The executable location differs with your local setup. So you will see a different path there. If you have the package Terminus installed, you can now run the executable directly in Sublime Text. Use [CTRL]-[ESCAPE] to open Terminus:



You need the package SublimeGDB for this.

Navigate to your sources src/main.m and place a breakpoint in the main function with [F9].


You will likely need to edit the my-object.sublime-project file itself, to set the correct executable path for the debugger. At the top of the file:

      "sublimegdb_workingdir": "${folder:kitchen/Debug/my-project}",
      "sublimegdb_commandline": "mulle-gdb --interpreter=mi kitchen/Debug/my-project",

change kitchen/Debug/my-project in both "sublimegdb_workingdir" and "sublimegdb_commandline" to your executable path.

      "sublimegdb_workingdir": "${folder:/home/nat/.mulle/var/peschel/kitchen-my-project/Debug/my-project}",
      "sublimegdb_commandline": "mulle-gdb --interpreter=mi /home/nat/.mulle/var/peschel/kitchen-my-project/Debug/my-project",

Now hit [F5] to run your program in the debugger. It should immediately stop on the breakpoint, which now has turned green:


Debugging Keys

Key Function
[F5] Start / Continue
[Shift][F5] Show Input Field
[Ctrl][Shift][F5] Show Raw Input Field
[Ctrl][F5] Stop Debugging
[F9] Toggle Breakpoint
[F10] Step Over
[F11] Step Into
[Shift][F11] Step Out
[Ctrl][F11] Show Disassembly View
[Ctrl][Alt][G] Show Register View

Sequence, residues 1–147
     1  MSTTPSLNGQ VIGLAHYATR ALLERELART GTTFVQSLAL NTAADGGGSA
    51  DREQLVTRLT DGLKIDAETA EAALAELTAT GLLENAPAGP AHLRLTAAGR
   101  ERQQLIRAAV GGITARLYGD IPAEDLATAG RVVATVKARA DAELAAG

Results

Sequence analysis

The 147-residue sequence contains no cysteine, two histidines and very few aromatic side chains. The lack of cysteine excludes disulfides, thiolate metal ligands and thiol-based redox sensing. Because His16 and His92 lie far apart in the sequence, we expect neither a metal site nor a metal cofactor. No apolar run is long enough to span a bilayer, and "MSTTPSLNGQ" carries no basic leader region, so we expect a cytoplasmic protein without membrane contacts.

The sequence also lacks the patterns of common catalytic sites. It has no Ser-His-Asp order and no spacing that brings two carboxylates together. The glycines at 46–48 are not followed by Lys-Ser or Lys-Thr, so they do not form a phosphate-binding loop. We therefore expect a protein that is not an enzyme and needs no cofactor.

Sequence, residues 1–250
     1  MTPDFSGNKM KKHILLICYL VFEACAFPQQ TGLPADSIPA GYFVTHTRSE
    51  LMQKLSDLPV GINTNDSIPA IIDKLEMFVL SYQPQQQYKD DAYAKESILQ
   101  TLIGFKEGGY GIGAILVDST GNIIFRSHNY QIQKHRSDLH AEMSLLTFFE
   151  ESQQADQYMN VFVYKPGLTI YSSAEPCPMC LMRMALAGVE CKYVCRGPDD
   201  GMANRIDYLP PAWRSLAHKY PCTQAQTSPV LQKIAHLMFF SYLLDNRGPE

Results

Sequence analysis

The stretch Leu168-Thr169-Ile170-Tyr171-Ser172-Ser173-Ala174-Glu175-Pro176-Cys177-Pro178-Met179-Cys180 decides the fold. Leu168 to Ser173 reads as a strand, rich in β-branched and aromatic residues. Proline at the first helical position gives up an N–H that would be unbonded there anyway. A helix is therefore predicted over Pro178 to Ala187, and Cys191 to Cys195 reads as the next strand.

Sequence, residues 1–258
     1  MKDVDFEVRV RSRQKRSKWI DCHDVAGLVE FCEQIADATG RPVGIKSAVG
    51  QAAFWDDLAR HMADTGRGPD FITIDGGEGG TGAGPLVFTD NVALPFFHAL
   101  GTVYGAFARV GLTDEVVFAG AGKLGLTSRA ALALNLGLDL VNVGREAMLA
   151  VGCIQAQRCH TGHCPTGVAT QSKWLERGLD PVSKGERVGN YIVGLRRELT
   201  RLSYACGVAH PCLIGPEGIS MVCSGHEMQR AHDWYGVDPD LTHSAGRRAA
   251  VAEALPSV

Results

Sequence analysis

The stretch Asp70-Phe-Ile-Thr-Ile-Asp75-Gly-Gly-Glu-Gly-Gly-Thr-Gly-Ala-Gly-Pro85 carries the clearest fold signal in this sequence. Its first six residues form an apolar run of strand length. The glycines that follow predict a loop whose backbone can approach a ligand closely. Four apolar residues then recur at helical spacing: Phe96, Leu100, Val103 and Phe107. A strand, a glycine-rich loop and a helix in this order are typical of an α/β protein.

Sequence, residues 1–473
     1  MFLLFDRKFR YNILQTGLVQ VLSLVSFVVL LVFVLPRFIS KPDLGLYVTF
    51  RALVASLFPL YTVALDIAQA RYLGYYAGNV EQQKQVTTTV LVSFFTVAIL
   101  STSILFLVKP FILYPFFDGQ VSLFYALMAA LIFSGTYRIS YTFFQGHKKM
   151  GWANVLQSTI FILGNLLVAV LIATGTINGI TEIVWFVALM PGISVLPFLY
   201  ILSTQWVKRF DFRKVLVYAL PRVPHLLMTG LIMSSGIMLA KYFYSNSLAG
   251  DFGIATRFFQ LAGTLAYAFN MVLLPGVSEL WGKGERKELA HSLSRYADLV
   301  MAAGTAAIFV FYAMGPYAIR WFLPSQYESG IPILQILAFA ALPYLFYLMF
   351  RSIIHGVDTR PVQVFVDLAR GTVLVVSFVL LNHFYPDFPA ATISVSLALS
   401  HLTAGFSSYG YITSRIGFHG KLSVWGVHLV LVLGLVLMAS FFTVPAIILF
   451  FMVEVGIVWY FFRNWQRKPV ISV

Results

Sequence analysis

From here on use the SublimeGDB documentation for more help.


We create a new class in “Sublime Text” to demonstrate the “Edit->Reflect->Craft(->Debug)” cycle that is the key development cycle of mulle-sde projects. First up create two new files in src namely src/Foo.h and src/Foo.m. (Right click on the src folder and “New File”).

Let’s put an error into the file for demonstration purposes:

#import "import.h"

@interphase Foo : NSObject  // misspelled @interface

- (void) hello;

#import "Foo.h"

#import "import-private.h"

@implementation Foo

- (void) hello
   mulle_printf( "Hello\n");



If you like a class with template code, you can use mulle-sde add src/Foo.m instead. This will also make the next “Reflect” step superflous.


Now run the “Reflect” task (“Tools / Build With… / Reflect”). The reflection places your source files into the cmake build system and adds them to your list of C headers. You can observe the change in cmake/reflect/_Sources and cmake/reflect/_Headers as well as in src/reflect/_my-project.export.h

You only need to “Reflect” if you have added or deleted files from the project.


Now with the syntax error in place, the next craft will immediately preempt with an error:


You can step through the errors with “Tools / Build Results / Next Result”.

That wraps it up for Sublime Text here.

Important Tip

Depending on how your PATH variable is set up, the environment you are in, Sublime Text may not find the mulle-sde executables. To fix this close all Sublime Text windows, so that the application is actually exiting. Then start Sublime Text from a shell, where you know that PATH is set correctly, with subl.